Software prefetching for software pipelined loops

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    The paper investigates the interaction between software pipelining and different software prefetching techniques for VLIW machines. It is shown that processor stalls due to memory dependencies have a great impact into execution time. A novel heuristic is proposed and it is show to outperform previous proposals.Peer ReviewedPostprint (published version

    Automated software quality visualisation using fuzzy logic techniques

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    In the past decade there has been a concerted effort by the software industry to improve the quality of its products. This has led to the inception of various techniques with which to control and measure the process involved in software development. Methods like the Capability Maturity Model have introduced processes and strategies that require measurement in the form of software metrics. With the ever increasing number of software metrics being introduced by capability based processes, software development organisations are finding it more difficult to understand and interpret metric scores. This is particularly problematic for senior management and project managers where analysis of the actual data is not feasible. This paper proposes a method with which to visually represent metric scores so that managers can easily see how their organisation is performing relative to quality goals set for each type of metric. Acting primarily as a proof of concept and prototype, we suggest ways in which real customer needs can be translated into a feasible technical solution. The solution itself visualises metric scores in the form of a tree structure and utilises Fuzzy Logic techniques, XGMML, Web Services and the .NET Framework. Future work is proposed to extend the system from the prototype stage and to overcome a problem with the masking of poor scores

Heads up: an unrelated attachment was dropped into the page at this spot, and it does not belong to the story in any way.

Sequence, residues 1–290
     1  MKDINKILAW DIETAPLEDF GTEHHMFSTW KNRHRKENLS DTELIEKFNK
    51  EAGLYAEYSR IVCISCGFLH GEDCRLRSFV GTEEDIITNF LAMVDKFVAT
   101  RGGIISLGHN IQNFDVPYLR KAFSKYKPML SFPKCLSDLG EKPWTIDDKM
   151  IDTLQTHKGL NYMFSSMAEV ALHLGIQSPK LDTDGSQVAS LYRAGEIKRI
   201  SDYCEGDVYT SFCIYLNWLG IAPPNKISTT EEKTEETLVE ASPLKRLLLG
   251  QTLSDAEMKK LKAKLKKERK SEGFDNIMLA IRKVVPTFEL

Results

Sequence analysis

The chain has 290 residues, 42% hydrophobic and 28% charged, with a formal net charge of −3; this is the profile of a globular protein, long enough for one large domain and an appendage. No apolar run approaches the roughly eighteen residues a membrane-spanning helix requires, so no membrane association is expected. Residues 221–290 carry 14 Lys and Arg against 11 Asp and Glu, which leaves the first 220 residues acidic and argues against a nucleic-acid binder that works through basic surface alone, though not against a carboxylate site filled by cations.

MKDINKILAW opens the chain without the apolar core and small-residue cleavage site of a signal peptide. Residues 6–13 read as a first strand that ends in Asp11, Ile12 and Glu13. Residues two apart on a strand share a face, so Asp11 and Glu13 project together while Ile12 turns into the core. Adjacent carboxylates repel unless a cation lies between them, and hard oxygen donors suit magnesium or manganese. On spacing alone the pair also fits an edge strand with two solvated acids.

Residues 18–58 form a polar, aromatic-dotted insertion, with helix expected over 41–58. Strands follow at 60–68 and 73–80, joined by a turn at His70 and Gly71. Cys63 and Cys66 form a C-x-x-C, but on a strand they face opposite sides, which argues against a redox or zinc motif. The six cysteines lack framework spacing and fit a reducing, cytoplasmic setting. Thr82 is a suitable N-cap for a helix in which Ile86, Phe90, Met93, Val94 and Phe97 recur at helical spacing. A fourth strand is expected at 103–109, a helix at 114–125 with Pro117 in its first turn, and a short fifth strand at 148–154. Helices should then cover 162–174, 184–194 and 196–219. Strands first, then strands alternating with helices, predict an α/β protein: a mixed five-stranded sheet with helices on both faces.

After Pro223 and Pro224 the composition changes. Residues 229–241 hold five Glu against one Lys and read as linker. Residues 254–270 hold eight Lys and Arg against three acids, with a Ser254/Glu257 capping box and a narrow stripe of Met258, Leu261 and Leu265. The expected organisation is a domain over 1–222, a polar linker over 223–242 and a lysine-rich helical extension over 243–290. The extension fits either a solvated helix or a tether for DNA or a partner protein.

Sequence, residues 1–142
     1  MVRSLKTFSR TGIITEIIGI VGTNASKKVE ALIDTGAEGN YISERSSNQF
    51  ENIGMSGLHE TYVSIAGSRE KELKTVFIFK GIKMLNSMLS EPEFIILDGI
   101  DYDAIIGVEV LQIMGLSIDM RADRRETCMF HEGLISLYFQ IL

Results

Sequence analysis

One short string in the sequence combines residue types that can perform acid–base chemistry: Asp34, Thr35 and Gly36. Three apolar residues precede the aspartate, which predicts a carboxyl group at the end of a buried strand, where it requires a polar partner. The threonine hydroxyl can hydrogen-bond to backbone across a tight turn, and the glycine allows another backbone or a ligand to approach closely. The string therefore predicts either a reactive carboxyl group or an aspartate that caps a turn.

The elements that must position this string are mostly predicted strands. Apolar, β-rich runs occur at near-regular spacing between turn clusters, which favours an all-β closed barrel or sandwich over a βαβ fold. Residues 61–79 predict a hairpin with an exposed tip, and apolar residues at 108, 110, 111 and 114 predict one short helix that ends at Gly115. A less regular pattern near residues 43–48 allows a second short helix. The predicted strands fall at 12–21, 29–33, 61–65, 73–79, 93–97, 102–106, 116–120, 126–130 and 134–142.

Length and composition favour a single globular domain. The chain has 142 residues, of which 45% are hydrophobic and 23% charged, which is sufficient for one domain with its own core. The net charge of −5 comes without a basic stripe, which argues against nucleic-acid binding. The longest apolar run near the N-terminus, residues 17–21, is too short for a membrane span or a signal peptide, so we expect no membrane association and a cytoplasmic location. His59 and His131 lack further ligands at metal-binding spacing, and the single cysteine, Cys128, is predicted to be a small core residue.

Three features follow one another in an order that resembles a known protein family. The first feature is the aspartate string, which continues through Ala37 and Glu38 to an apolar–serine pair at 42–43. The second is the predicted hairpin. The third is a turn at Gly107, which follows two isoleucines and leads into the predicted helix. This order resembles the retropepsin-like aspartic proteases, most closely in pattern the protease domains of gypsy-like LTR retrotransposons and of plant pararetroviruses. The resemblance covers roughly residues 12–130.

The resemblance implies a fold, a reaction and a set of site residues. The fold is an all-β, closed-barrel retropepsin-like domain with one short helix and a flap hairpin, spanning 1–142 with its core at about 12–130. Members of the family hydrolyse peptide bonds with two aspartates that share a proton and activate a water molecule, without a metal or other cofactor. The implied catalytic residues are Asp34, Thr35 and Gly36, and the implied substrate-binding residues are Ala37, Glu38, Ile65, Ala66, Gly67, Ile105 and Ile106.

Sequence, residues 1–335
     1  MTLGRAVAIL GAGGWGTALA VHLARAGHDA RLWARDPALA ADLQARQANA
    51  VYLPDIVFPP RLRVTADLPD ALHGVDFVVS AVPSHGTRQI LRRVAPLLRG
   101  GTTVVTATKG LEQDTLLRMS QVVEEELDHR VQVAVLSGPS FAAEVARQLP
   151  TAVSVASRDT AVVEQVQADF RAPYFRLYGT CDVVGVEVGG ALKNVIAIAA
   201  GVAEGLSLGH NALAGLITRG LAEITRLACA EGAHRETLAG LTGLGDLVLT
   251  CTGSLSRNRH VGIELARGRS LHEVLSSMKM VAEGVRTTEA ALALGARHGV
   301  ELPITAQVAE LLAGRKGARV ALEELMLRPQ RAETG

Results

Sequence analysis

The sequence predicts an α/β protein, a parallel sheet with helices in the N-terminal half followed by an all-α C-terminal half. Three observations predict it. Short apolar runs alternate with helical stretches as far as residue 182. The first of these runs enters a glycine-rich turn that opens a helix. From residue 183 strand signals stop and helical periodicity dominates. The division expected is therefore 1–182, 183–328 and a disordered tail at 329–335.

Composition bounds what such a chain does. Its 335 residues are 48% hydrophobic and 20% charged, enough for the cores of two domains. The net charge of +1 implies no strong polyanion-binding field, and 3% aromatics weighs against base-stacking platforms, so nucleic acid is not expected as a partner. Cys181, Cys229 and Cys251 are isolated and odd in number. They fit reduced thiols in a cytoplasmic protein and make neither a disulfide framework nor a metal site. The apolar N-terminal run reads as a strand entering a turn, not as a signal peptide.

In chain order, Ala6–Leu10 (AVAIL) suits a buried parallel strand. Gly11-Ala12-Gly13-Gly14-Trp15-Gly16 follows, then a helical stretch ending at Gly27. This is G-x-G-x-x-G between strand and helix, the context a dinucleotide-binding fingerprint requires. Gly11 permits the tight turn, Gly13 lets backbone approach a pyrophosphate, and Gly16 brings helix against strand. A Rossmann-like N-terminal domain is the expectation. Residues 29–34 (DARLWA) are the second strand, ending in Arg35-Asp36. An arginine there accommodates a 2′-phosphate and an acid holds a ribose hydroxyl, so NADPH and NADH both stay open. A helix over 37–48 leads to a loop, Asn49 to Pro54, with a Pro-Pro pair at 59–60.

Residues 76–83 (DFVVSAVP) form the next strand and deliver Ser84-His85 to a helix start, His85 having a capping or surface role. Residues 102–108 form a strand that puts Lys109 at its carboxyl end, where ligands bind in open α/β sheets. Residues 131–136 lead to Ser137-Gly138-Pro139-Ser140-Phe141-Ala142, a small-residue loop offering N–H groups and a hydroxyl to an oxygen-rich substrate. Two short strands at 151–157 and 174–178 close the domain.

Set-Based Concurrent Engineering Model for Automotive Electronic/Software Systems Development

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    Organised by: Cranfield UniversityThis paper is presenting a proposal of a novel approach to automotive electronic/software systems development. It is based on the combination of Set-Based Concurrent Engineering, a Toyota approach to product development, with the standard V-Model of software development. Automotive industry currently faces the problem of growing complexity of electronic/software systems. This issue is especially visible at the level of integration of these systems which is difficult and error-prone. The presented conceptual proposal is to establish better processes that could handle the electronic/software systems design and development in a more integrated and consistent manner.Mori Seiki – The Machine Tool Compan

    The GRAVITY instrument software / High-level software

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    GRAVITY is the four-beam, near- infrared, AO-assisted, fringe tracking, astrometric and imaging instrument for the Very Large Telescope Interferometer (VLTI). It is requiring the development of one of the most complex instrument software systems ever built for an ESO instrument. Apart from its many interfaces and interdependencies, one of the most challenging aspects is the overall performance and stability of this complex system. The three infrared detectors and the fast reflective memory network (RMN) recorder contribute a total data rate of up to 20 MiB/s accumulating to a maximum of 250 GiB of data per night. The detectors, the two instrument Local Control Units (LCUs) as well as the five LCUs running applications under TAC (Tools for Advanced Control) architecture, are interconnected with fast Ethernet, RMN fibers and dedicated fiber connections as well as signals for the time synchronization. Here we give a simplified overview of all subsystems of GRAVITY and their interfaces and discuss two examples of high-level applications during observations: the acquisition procedure and the gathering and merging of data to the final FITS file.Comment: 8 pages, 7 figures, published in Proc. SPIE 9146, Optical and Infrared Interferometry IV, 91462